The Saint's Tragedy eBook

This eBook from the Gutenberg Project consists of approximately 146 pages of information about The Saint's Tragedy.

’Nor certainly was there less faith in the husband who did not oppose such and so great a wife, but rather favoured her, and tempered her fervour with over-kind prudence.  Affected, therefore, by the sweetness of this modest love, and mutual society, they could not bear to be separated for any length of time or distance.  The lady, therefore, frequently followed her husband through rough roads, and no small distances, and severe wind and weather, led rather by emotions of sincerity than of carnality:  for the chaste presence of a modest husband offered no obstacle to that devout spouse in the way of praying, watching, or otherwise doing good.’

Then follows the story of her nurse waking Lewis instead of her, and Lewis’s easy good-nature about this, as about every other event of life.  ’And so, after these unwearied watchings, it often happened that, praying for an excessive length of time, she fell asleep on a mat beside her husband’s bed, and being reproved for it by her maidens, answered:  “Though I cannot always pray, yet I can do violence to my own flesh by tearing myself in the meantime from my couch."’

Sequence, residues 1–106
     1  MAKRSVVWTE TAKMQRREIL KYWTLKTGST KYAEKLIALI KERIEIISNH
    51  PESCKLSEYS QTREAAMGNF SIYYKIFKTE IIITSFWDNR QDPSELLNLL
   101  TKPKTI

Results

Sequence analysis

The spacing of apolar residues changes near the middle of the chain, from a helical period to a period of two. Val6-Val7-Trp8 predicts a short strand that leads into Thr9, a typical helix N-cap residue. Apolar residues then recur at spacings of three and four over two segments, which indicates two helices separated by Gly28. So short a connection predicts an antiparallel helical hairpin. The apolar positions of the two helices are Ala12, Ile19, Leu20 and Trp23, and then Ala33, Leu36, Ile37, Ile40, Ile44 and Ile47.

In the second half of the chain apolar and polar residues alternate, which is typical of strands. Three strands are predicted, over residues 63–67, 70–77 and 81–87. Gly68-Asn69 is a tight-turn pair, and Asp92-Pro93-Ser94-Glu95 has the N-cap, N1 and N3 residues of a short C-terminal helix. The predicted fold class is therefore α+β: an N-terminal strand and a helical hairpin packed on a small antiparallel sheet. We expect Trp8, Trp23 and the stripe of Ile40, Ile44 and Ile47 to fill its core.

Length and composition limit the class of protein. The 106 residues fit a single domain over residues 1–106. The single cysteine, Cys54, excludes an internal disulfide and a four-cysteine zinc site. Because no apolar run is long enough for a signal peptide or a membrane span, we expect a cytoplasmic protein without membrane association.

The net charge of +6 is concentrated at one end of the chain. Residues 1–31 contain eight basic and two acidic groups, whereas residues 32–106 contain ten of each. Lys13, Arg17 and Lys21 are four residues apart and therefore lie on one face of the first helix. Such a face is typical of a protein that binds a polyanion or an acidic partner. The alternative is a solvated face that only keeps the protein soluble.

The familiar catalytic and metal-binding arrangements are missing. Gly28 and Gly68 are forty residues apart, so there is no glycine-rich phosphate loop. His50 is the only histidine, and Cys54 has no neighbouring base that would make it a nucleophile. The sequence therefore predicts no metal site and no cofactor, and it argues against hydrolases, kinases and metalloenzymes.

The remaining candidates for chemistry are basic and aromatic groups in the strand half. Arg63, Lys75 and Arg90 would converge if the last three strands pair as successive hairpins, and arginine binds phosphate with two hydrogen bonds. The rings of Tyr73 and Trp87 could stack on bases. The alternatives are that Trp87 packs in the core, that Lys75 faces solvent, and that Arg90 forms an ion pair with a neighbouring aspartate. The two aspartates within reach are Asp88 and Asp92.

’Fugiebat oblectamenta carnalia, et ideo stratum molliorem, et viri contubernium secretissimum, quantum licuit, declinavit.  Quem quamvis praecordialis amoris affectu deligeret, querulabatur tamen dolens, quod virginalis decorem floris non meruit conservare.  Castigabat etiam plagis multis, et lacerabat diris verberibus carnem puella innocens et pudica.

’In principio quidem diebus quadragesimae, sextisque feriis aliis occultas solebat accipere disciplinas, laetam coram hominibus se ostentrans.  Post vero convalescens et proficiens in gratia, deserto dilecti thoro surgens, fecit se in secreto cubiculo per ancillarum manus graviter saepissime verberari, ad lectumque mariti reversa hilarem se exhibuit et jocundam.

’Vere felices conjuges, in quorum consortio tanta munditia, in colloquio pudicitia reperta est.  In quibus amor Christi concupiscentiam extinxit, devotio refrenavit petulantiam, fervor spiritus excussit somnolentiam, oratio tutavit conscientiam, charitas benefaciendi facultatem tribuit et laetitiam!’

P. 58.  ‘In every scruple.’  Cf.  Lib.  III. section 9, how Lewis ’consented that Elizabeth his wife should make a vow of obedience and continence at the will of the said Conrad, salva jure matrimonii.’

P. 59.  ‘The open street.’  Cf.  Lib.  II. section 11.  ’On the Rogation days, when certain persons doing contrary to the decrees of the saints are decorated with precious and luxurious garments, the Princess, dressed in serge and barefooted, used to follow most devoutly the Procession of the Cross and the relics of the Saints, and place herself always at sermon among the poorest women; knowing (says Dietrich) that seeds cast into the valleys spring up into the richest crop of corn.’

P. 60.  ‘The poor of Christ.’  Cf.  Lib.  II. sections 6, 11, et passim.  Elizabeth’s labours among the poor are too well known throughout one half at least of Christendom, where she is, par excellence, the patron of the poor, to need quotations.

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The Saint's Tragedy from Project Gutenberg. Public domain.
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